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Monoclonal Antibody Therapies against Anthrax
AbstractAnthrax is a highly lethal infectious disease caused by the spore-forming bacterium Bacillus anthracis. It not only causes natural infection in humans but also poses a great threat as an emerging bioterror agent. The lethality of anthrax is primarily attributed to the two major virulence factors: toxins and capsule. An extensive effort has been made to generate therapeutically useful monoclonal antibodies to each of the virulence components: protective antigen (PA), lethal factor (LF) and edema factor (EF), and the capsule of B. anthracis. This review summarizes the current status of anti-anthrax mAb development and argues for the potential therapeutic advantage of a cocktail of mAbs that recognize different epitopes or different virulence factors.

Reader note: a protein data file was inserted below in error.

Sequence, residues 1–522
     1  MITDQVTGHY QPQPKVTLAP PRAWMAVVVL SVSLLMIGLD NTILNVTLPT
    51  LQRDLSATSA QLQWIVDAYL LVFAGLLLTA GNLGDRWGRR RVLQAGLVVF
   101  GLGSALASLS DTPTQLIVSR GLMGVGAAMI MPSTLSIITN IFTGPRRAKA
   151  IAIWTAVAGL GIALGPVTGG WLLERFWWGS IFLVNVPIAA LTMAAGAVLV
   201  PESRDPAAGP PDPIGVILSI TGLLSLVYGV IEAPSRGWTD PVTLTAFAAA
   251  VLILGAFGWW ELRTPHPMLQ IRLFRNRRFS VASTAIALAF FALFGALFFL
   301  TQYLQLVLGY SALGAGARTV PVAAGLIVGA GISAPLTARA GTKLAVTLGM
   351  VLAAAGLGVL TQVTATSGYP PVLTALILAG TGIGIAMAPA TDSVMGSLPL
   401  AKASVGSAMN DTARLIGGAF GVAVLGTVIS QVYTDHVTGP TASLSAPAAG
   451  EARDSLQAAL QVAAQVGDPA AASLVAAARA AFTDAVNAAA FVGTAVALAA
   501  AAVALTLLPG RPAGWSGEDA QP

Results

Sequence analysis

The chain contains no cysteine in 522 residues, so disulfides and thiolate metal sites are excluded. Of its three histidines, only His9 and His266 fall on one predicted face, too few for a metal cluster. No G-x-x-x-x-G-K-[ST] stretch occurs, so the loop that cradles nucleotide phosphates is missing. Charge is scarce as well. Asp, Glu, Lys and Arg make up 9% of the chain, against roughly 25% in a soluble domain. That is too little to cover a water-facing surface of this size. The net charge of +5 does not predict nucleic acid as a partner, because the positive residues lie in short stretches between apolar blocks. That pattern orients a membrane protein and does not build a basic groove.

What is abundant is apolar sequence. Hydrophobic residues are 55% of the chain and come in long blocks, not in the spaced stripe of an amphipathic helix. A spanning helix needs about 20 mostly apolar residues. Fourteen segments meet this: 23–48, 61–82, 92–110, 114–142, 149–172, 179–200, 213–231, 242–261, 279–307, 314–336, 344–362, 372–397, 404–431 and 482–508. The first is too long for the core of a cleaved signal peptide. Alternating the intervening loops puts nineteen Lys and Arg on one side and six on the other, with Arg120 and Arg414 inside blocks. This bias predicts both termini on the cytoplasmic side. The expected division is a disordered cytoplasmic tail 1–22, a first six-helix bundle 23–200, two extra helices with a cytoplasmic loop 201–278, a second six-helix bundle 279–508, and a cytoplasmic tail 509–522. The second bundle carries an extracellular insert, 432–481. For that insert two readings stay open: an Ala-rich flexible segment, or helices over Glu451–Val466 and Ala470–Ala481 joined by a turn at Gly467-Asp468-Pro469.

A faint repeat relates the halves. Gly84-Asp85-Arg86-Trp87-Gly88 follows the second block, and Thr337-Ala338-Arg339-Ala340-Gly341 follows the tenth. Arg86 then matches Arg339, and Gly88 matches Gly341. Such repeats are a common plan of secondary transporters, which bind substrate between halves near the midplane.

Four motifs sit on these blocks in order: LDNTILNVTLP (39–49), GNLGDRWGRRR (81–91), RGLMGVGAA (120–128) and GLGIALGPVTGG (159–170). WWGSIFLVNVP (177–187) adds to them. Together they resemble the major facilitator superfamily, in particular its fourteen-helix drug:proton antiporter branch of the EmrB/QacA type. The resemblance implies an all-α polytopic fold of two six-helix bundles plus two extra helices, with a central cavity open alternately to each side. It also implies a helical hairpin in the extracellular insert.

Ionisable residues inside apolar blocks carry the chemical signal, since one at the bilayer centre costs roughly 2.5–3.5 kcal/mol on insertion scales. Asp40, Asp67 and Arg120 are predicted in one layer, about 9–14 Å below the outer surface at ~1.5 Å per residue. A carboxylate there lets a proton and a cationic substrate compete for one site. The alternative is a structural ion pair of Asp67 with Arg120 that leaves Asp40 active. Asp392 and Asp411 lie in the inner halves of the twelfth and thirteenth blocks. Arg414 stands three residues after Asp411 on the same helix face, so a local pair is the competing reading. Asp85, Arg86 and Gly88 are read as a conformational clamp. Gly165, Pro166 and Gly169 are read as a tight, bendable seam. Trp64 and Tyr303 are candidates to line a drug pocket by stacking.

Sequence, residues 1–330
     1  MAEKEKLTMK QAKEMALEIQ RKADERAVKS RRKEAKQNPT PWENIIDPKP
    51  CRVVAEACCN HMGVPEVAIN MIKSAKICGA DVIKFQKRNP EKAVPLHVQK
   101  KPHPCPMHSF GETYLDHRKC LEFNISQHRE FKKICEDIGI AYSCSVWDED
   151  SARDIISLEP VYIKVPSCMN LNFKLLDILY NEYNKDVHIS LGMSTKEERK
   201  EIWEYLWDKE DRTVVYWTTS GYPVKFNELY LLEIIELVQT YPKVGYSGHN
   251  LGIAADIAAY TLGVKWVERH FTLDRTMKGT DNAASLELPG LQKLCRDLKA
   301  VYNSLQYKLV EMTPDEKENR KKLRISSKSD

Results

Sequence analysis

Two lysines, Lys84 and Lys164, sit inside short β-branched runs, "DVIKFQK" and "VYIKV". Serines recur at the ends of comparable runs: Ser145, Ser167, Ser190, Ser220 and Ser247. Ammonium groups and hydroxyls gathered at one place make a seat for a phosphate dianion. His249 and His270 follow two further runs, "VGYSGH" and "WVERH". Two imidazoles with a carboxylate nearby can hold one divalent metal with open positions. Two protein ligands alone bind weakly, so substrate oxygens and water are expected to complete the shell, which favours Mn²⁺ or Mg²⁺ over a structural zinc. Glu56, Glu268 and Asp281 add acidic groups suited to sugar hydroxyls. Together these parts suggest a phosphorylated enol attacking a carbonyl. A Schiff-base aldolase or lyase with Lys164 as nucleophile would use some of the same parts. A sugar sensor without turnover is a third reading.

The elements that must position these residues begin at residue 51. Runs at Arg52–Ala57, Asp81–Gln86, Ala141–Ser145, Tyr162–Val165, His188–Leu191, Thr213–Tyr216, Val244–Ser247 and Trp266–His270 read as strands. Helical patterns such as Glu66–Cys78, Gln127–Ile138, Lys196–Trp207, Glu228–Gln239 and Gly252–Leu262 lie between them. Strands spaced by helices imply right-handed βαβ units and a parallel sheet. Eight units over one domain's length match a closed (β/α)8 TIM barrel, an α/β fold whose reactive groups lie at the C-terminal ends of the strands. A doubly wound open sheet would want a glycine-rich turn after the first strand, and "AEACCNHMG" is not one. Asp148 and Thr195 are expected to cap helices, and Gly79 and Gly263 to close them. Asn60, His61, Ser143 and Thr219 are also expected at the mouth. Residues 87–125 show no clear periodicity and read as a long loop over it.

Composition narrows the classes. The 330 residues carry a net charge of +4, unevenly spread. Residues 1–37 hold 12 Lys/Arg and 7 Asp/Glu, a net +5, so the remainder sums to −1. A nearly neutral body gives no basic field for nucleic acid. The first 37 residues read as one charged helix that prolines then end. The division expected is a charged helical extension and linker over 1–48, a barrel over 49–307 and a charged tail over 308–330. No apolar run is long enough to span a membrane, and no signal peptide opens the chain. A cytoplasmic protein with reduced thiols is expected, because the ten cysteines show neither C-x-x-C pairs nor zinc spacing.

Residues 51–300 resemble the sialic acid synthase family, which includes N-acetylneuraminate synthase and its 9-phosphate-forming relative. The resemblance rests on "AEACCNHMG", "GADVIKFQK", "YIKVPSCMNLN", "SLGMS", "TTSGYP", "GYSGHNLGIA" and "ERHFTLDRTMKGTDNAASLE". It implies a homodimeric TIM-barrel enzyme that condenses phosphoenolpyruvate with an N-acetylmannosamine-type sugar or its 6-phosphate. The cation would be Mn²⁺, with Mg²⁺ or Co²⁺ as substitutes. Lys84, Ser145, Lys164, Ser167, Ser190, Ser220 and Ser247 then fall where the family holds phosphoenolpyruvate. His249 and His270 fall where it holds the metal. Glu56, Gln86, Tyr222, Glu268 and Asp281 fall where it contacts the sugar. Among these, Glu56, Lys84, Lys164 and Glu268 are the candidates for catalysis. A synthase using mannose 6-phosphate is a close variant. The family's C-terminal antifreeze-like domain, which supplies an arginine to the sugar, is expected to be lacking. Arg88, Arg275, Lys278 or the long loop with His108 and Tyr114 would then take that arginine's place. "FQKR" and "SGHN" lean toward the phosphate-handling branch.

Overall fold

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Chen, Z.; Moayeri, M.; Purcell, R. Monoclonal Antibody Therapies against Anthrax. Toxins 2011, 3, 1004-1019.View more citation formats
Chen Z, Moayeri M, Purcell R. Monoclonal Antibody Therapies against Anthrax. Toxins. 2011; 3(8):1004-1019.Chicago/Turabian Style
Chen, Zhaochun; Moayeri, Mahtab; Purcell, Robert. 2011. "Monoclonal Antibody Therapies against Anthrax." Toxins 3, no. 8: 1004-1019.
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